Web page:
EP REVIEW: ‘A Concious Motion’ by Cove

Cove find themselves in an increasingly narrow bracket of UK hardcore that, right now, seems more populated than ever. It’s one that so many people are familiar with too, in which so many of its alumni worship at the altars of While She Sleeps and Feed The Rhino while padding out the bills of local festivals. Sure, it’s unfair to generalise an entire scene as such, but in an ever-growing roster that has proven to be as interchangeable as it is, and where it takes something truly special to even stand a chance of standing out, it’s a judgement that needs to be made.

 And off the back of second EP A Concious Motion, Cove aren’t exactly standing out, mostly because they’re taking the partly heavy, partly melodic template without having anything in between. It’s definitely one of the more basic metalcore releases to come out from this scene, and while that admittedly prevents Cove from straying into that many pitfalls, it just feels ultimately faceless, lacking any sort of identity that even bands lacking in real quality can have.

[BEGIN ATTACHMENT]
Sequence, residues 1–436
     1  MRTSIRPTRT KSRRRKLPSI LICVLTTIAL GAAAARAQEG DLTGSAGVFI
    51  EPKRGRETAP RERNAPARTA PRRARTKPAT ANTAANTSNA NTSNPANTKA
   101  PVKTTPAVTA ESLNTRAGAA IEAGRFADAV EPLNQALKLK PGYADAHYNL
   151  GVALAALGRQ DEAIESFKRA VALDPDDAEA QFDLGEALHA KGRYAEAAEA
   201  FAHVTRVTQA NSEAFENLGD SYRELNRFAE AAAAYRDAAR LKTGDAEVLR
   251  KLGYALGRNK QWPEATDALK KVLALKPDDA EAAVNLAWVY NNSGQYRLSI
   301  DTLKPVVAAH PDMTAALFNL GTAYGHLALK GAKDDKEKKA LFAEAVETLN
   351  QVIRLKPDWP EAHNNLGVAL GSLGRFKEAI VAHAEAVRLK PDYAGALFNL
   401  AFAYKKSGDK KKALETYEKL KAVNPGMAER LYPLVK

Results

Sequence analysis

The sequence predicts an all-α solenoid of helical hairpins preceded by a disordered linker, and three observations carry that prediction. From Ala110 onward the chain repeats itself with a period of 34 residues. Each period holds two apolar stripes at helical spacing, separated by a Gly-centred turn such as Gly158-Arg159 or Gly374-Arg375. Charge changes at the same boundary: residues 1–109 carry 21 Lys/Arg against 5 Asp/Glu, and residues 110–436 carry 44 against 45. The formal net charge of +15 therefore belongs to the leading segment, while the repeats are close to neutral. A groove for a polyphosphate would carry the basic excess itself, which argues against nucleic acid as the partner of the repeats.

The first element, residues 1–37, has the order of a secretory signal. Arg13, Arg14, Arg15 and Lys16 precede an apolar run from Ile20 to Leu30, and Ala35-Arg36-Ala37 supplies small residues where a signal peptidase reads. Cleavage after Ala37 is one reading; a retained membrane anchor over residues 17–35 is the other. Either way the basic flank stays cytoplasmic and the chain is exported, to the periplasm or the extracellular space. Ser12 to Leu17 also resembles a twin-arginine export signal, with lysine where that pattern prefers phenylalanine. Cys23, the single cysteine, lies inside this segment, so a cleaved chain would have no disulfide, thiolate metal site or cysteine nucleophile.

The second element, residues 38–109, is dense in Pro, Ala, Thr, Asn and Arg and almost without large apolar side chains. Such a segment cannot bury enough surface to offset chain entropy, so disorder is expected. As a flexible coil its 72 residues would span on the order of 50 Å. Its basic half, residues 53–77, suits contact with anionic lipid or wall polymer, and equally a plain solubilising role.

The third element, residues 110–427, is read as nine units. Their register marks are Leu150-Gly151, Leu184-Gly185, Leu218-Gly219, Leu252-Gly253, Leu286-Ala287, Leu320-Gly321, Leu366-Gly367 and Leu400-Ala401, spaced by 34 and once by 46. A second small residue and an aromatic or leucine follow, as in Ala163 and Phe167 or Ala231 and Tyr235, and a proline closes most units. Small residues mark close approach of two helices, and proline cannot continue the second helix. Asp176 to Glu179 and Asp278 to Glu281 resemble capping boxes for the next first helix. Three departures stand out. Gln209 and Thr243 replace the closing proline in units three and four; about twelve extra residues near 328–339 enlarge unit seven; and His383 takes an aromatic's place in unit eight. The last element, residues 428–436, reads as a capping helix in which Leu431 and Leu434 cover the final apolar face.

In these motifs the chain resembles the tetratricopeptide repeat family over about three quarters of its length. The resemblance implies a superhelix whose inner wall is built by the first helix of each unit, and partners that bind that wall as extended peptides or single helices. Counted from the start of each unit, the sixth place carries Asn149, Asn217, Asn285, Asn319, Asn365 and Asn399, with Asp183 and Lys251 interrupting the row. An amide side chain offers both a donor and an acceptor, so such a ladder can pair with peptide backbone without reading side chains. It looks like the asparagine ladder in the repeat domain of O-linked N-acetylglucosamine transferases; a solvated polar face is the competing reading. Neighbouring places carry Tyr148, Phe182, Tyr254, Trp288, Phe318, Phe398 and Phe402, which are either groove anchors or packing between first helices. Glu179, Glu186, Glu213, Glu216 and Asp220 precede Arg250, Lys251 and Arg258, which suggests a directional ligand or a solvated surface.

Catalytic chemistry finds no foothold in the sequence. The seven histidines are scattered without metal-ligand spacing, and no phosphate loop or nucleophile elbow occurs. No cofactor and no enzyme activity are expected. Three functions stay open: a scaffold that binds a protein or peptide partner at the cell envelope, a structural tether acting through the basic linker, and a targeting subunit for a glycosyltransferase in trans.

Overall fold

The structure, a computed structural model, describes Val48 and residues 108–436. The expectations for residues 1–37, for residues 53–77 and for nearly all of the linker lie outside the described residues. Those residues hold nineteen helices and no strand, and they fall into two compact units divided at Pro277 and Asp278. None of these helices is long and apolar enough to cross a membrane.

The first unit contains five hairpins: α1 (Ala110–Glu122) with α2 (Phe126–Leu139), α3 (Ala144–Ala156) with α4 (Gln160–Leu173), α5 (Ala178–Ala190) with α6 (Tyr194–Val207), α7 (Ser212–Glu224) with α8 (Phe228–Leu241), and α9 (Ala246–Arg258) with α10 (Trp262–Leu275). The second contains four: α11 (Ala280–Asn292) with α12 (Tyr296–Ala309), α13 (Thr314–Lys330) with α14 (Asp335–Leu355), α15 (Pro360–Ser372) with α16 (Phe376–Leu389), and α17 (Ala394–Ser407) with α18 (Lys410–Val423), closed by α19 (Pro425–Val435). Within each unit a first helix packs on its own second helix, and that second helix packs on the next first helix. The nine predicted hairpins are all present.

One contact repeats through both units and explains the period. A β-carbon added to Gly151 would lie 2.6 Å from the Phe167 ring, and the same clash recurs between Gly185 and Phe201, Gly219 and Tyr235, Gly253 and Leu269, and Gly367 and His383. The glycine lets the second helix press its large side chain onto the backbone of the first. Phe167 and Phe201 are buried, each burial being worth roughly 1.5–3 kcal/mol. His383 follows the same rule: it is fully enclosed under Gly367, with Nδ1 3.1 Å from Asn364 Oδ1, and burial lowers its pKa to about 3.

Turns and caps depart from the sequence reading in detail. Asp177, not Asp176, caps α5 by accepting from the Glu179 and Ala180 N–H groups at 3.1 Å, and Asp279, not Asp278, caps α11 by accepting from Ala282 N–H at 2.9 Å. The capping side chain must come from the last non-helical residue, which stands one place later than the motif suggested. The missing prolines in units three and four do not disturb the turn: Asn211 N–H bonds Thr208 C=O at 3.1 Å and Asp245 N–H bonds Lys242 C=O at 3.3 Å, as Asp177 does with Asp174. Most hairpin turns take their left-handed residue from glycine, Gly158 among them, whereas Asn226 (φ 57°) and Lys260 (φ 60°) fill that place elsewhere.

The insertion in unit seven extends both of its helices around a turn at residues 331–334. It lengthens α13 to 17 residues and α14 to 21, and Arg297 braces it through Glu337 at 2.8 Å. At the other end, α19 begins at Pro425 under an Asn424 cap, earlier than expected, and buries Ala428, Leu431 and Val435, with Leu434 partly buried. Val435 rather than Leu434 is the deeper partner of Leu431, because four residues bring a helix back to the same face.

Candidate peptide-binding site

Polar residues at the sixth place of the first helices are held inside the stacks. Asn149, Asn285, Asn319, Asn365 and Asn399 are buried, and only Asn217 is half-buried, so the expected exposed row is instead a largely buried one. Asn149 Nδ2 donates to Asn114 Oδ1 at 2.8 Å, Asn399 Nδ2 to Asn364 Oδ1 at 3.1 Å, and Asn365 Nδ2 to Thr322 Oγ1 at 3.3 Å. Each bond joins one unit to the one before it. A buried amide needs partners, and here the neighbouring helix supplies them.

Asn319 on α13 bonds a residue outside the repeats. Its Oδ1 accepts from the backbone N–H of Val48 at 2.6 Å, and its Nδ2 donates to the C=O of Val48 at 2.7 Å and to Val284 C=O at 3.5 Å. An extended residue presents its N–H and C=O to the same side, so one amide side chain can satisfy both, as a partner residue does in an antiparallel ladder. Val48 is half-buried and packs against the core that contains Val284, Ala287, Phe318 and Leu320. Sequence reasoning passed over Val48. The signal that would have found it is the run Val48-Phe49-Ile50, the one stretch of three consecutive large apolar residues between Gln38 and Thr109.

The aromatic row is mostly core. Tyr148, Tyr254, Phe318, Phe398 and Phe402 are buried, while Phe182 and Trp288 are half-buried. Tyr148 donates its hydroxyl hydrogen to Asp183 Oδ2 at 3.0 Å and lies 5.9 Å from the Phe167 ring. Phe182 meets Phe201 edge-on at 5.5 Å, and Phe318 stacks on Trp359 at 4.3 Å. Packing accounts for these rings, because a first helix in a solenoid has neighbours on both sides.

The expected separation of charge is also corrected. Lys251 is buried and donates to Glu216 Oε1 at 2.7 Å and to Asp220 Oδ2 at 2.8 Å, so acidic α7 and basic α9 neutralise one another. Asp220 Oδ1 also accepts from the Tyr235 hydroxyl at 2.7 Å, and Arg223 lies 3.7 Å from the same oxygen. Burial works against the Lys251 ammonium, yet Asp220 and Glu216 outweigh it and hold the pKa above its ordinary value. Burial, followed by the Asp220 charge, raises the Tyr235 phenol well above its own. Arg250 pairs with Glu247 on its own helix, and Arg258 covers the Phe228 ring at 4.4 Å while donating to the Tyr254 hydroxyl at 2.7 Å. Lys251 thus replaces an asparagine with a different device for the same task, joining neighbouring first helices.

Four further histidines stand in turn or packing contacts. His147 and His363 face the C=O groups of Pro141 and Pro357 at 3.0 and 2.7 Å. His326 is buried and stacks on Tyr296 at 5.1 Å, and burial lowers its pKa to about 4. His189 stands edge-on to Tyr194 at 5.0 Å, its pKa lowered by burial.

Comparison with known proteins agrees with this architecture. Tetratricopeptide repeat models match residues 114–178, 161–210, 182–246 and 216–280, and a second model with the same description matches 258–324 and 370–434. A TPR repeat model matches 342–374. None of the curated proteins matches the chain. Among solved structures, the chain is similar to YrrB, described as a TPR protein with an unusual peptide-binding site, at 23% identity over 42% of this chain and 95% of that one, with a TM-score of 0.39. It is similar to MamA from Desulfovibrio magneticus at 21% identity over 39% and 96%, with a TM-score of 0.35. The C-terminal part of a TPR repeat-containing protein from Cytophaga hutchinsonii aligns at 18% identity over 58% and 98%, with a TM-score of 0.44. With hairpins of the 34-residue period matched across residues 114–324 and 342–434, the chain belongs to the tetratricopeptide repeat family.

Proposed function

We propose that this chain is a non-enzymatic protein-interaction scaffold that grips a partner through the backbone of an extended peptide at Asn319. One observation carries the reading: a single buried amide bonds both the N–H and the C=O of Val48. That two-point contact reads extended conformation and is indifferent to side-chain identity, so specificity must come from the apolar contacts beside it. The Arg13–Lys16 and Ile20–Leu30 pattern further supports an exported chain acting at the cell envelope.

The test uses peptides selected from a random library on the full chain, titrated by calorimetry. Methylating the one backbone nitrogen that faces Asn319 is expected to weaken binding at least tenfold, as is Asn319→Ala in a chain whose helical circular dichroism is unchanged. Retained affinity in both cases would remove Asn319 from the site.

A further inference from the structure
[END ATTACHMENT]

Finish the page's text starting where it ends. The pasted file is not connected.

Especially when it comes to what this EP has to offer, Cove find themselves being hurt the most in this regard, as this is every facet of UK metalcore represented in its least innovative form. All I Believe makes the necessary transitions from downbeat pensiveness to more explosive anger; Solis has the exploding, monochromatic hook; Host is the atmospheric interlude tightened up by snippets of vocal samples; none of this is new, and it’s not even arranged in a way to give the impression that Cove are even trying to formulate some discernible identity. It’s totally fine, as is each element of performance and the clean, steel-coated production, but that’s it. Nothing immediately grabs the attention, and above all, Cove are just left to tread water.

 Clearly their intent was for something grander than this and that can be respected, but A Concious Motion can never elevate itself beyond a framework that’s already immensely played out. It’s listenable and harmless in every other manner, but it’s not out of the question to demand more than that, particularly in metalcore where the same points can be ascribed to countless others.


For fans of: Our Hollow Our Home, Devil Sold His Soul, Create To Inspire
Words by Luke Nuttall 

‘A Concious Motion’ by Cove is out now.

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